One of the advantages of EIGRP Feasible Successor is that it speeds up the EIGRP. In fact, if there is a Feasible Successor in the EIGRP network, such network converges faster than OSPF or IS-IS.
Figure-1 EIGRP Feasibility ConditionFrom the Router A’s point of view, Router B and Router C are the equal cost routers; as a result, both ABD and ACD path can be used in the network. What’s more, Router A installs both Router B and Router C not only in the EIGRP topology table but also in the routing table. There is no backup router in the above topology since Router A uses both Router B and Router C to reach the destination behind Router D. Let’s increase the link cost between Router C and Router D.
Figure – 2 EIGRP Feasible SuccessorThe link cost of Router C–D is 15. In order to satisfy the feasibility condition for Router A, the link cost of Router C–D should be smaller than that of Router A–B–D total cost. Since 15 < 10 + 10, Router C can be used as a backup – router by Router A – to reach Router D. Router C is installed in the EIGRP topology table of Router A. I will explain what will happen to the route if it is installed in the EIGRP topology table, instead of the routing table. Also, let’s examine one more example so that we can understand when Router C cannot be installed in the routing table or EIGRP topology table.
Figure-3 EIGRP feasibility condition is not satisfiedThe link cost of Router C–D is 25. In order to satisfy the feasibility condition for Router A , the link cost of Router C –D should be smaller than that of Router A –B–D. Since 25 > 10(A–B) + 10(B–D), Router C cannot be used as a backup router – by the Router A – to reach Router D. In Figure-3, Router C is not a feasible successor (Backup Router) simply because it doesn’t satisfy the EIGRP feasibility condition.
What if Router C–D link is 20? In that case, since 20 = 10(A–B) + 10(B–D), Router C cannot be used as an EIGRP Feasible Successor. The link cost of Router C–D has to be smaller than that of Router A–B–D to be Router C EIGRP FS of Router A. Now that we have learned how to find EIGRP Feasible Successor, I will explain why if there is EIGRP feasible successor, EIGRP converges faster than OSPF or ISIS.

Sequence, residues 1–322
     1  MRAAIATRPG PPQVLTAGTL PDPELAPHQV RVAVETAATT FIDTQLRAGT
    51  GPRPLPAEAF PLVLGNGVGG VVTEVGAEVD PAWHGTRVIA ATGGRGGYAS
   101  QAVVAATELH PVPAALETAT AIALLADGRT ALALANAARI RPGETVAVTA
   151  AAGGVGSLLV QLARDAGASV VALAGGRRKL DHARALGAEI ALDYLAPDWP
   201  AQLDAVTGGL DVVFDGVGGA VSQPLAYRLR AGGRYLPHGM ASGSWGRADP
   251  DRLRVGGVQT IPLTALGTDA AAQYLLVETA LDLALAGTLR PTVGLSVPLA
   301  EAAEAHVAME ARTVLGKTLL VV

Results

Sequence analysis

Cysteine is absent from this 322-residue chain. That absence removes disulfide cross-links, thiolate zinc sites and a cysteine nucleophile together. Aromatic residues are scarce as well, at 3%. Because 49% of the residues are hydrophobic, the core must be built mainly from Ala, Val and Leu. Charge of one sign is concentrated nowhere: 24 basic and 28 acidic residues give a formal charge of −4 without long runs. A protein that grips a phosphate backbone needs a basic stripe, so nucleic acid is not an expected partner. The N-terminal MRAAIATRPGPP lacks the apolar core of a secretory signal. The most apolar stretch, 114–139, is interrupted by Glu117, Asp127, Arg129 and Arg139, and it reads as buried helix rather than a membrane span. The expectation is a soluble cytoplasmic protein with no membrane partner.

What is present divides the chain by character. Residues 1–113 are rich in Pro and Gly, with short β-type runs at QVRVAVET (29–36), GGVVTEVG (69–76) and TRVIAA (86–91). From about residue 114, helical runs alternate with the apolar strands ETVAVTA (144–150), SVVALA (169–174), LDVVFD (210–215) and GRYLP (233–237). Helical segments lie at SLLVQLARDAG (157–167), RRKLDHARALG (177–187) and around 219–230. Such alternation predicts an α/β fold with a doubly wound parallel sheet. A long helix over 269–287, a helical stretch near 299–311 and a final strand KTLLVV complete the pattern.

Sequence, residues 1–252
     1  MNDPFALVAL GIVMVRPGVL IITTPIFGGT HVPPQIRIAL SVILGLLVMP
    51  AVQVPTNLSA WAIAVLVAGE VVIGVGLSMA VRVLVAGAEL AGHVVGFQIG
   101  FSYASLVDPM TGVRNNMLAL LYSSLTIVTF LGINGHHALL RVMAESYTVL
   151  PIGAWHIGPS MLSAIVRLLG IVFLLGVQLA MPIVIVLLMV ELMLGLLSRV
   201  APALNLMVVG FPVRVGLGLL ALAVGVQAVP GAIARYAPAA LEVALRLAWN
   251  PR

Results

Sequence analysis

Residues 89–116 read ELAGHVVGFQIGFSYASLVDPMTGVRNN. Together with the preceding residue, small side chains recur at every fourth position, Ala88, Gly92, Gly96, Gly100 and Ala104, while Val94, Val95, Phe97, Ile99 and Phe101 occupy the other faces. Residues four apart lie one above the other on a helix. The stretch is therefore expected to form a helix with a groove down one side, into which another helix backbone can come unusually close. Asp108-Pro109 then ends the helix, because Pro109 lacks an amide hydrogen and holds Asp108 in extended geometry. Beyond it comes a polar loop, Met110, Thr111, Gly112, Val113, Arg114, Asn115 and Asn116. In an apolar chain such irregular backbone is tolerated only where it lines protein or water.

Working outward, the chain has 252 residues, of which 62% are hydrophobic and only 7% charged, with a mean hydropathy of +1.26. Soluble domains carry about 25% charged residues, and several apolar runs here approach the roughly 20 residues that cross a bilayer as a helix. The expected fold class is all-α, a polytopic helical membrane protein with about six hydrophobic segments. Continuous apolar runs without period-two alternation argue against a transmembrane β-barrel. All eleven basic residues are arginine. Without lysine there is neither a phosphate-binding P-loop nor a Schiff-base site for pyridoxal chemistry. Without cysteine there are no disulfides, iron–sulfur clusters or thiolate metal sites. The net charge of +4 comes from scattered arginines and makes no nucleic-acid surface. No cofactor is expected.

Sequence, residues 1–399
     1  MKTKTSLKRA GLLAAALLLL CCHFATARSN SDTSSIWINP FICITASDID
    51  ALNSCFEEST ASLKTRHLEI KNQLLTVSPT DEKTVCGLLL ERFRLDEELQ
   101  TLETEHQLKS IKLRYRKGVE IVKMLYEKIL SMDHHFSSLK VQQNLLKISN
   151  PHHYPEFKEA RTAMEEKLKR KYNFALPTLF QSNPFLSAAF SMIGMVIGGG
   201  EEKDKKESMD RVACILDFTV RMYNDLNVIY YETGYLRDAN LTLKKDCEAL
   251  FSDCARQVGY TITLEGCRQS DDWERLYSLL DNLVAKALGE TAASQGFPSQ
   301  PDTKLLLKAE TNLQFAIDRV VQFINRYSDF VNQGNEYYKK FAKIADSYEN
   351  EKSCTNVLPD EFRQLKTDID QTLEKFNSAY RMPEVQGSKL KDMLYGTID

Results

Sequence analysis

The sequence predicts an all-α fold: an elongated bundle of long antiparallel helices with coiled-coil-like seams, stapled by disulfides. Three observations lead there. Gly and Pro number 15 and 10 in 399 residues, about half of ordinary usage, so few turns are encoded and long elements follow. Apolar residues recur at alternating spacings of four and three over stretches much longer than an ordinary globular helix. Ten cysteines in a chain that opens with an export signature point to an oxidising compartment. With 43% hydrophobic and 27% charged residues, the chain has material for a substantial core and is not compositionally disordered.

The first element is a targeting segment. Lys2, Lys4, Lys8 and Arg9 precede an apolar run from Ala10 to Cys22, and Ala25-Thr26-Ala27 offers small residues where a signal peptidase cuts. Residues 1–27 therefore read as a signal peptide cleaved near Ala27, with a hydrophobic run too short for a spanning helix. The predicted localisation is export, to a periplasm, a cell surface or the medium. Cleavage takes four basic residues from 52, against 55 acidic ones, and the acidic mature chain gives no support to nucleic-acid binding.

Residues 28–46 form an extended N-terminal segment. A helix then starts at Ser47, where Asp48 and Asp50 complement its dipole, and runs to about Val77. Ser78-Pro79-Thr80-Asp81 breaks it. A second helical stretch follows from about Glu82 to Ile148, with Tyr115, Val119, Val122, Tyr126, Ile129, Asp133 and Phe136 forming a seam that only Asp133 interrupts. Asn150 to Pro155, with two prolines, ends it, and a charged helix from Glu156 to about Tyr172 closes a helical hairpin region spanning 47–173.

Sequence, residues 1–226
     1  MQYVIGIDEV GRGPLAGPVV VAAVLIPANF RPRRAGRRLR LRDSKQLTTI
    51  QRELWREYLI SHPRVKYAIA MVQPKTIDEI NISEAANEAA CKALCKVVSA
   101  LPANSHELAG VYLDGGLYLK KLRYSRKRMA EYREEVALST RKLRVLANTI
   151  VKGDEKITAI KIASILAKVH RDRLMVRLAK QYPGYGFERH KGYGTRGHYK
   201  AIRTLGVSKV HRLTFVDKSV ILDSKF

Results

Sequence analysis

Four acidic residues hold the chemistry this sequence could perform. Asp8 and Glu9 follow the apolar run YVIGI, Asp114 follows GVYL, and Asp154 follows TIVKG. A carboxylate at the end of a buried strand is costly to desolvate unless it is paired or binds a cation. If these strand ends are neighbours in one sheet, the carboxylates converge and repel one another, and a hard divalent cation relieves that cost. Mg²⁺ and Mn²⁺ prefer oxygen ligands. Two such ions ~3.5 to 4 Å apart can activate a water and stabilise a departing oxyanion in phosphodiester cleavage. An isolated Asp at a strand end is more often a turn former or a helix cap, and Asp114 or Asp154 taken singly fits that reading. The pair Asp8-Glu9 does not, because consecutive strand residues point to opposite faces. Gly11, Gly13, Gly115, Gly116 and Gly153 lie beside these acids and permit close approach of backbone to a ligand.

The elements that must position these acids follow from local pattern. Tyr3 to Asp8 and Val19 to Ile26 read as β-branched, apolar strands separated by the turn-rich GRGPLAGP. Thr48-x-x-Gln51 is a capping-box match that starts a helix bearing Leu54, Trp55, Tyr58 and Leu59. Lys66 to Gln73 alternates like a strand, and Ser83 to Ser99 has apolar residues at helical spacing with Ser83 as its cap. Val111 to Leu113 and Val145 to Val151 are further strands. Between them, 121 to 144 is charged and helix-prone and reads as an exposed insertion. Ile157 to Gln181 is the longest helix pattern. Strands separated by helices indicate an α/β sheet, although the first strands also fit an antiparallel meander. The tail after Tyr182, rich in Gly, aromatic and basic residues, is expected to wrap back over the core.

When Router C satisfies the EIGRP feasibility condition, it is installed as a backup router in the EIGRP topology table of Router A. In order to understand this concept, I will first examine how EIGRP converges if there is a failure without feasible successor. Let’s assume that in Figure-3, Router A–B link fails. Router A, since there is no feasible successor (remember that Router C didn’t satisfy the EIGRP feasibility condition), will send an EIGRP query to Router C.
Router A with the EIGRP query will ask Router C whether it has an alternate route. Router C’s successor (Primary path) is Router D, which is the destination. That’s why Router C answers Router A’s query. But obviously, there is a delay in this process. Now, let’s examine what happens if Router C satisfies EIGRP feasibility condition.
In Figure 2, Router C is EIGRP FS of Router A. So, let’s use that topology. If Router A–B link fails in Figure -2, Router A doesn’t send an EIGRP query to Router C anymore. Rather, Router A immediately takes all the routes from EIGRP topology table and installs them on the routing table without running EIGRP Dual algorithm. Without running EIGRP, Dual algorithm’ statement is important. This is because if there is a failure, OSPF or IS-IS can run SPF algorithm again to find a backup route. Thus, in the case of failure, EIGRP FS reduces the convergence time by avoiding running EIGRP dual algorithm again.
Orhan Ergun, CCIE/CCDE Trainer, Author of Many Networking Books, Network Design Advisor, and Cisco Champion 2019/2020/2021
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